Various persons and groups have resorted to a propaganda campaign portraying a direct relationship between travel speed and safety as the only issue of importance. In London, Ontario for example a local city councillor is petitioning for lowering City speed limits along certain road segments from 50 to 30 km/h because he read a City staff report that related vehicle travel speed to potential pedestrian injury.

The most common scenario is where the speed of vehicles in a school zone is related directly to the probability of injury or death. The saying often goes like this: A vehicle travelling at a speed of 40 km/h is likely to cause a certain probability of serious injury or death while the same vehicle travelling at 50 km/h is likely to cause an increase in that probability by some specific margin. Therefore, in order to create a safe school zone, all we have to do is reduce the speed limit from 50 to 40 km/h.

Many persons will recognize the fallacy in that logic but many also do not. It is the severity of the impact which dictates the consequences of a pedestrian impact, not the initial travel speed of the vehicle. Thus a vehicle travelling at 50 km/h may be braked before impact thus striking a pedestrian at 30 km/h. It should be obvious that the collision consequences would be much different if the same vehicle was travelling at 50 km/h and there was no braking, thus impacting the same pedestrian while still travelling at 50 km/h. Thus it is the “change-in-velocity” of the pedestrian’s body that dictates what injuries will be sustained, not the original travelling speed of the impacting vehicle. And there are other complicating factors in the relationship. The acceleration pulse is another. And the location of the application of the force on the pedestrian’s body is another.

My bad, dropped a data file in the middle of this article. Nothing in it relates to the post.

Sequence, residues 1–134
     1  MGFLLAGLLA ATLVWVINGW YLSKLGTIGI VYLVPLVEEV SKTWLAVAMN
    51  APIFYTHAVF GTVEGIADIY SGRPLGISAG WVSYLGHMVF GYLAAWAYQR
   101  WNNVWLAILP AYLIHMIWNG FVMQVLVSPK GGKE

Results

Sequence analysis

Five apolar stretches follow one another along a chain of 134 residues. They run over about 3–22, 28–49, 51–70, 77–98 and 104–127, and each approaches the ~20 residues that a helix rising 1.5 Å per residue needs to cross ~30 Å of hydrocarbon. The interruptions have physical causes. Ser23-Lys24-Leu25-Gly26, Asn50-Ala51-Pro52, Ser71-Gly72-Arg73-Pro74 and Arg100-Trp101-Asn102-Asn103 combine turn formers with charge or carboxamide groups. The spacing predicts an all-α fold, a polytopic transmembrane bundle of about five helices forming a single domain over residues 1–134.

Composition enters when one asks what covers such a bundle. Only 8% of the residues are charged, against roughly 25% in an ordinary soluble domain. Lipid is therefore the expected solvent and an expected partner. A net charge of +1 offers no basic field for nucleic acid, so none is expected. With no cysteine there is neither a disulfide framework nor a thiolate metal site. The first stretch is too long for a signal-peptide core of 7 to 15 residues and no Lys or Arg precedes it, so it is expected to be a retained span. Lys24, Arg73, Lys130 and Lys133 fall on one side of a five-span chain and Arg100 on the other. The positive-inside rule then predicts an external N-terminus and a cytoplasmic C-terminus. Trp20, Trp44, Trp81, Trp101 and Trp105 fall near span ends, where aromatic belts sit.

As a further example, there can be a vast difference in the injury consequences to a pedestrian depending on the location of the head strike on the perimeter of the impacting vehicle. It has been known for decades that a head impact to the soft windshield or centre hood of a vehicle can result in less severe head injury than if the head impact is to a stiff portion of the vehicle such as one of the roof pillars or to the windshield header.

The photo below was recently submitted by the Peel Regional Police on their Twitter account, reportedly showing the damage caused by a pedestrian impact that occurred on May 13, 2019 at Winston Churchill Blvd and The Collegeway in Mississauga, Ontario. The damage at the bumper and hood regions does not match the description of a pedestrian impact and is more indicative of a cyclist, or something non-human, causing the lower-level damage. Never-the-less we can see the major impact to the windshield that would typically be caused by the “pedestrian’s” head. While it is difficult to discuss this result as beneficial as this “pedestrian” would likely have sustained life-threatening injuries, it is favourable to cause a head impact to the softer windshield than if the head impact occurred slightly to the right and against the stiff A-pillar. Thus examples like these demonstrate that the initial travel speed, and even the change-in-velocity of the pedestrian, often do not match the severity of injury because of the specific manner of contact that occurs.

In this example recently submitted by police reportedly indicating a serious pedestrian impact the damage at the hood and bumper levels is peculiar. Never-the-less, the head strike to the “softer” windshield is more beneficial to the pedestrian’s survival than if the impact was slightly to the right and against the stiff A-pillar.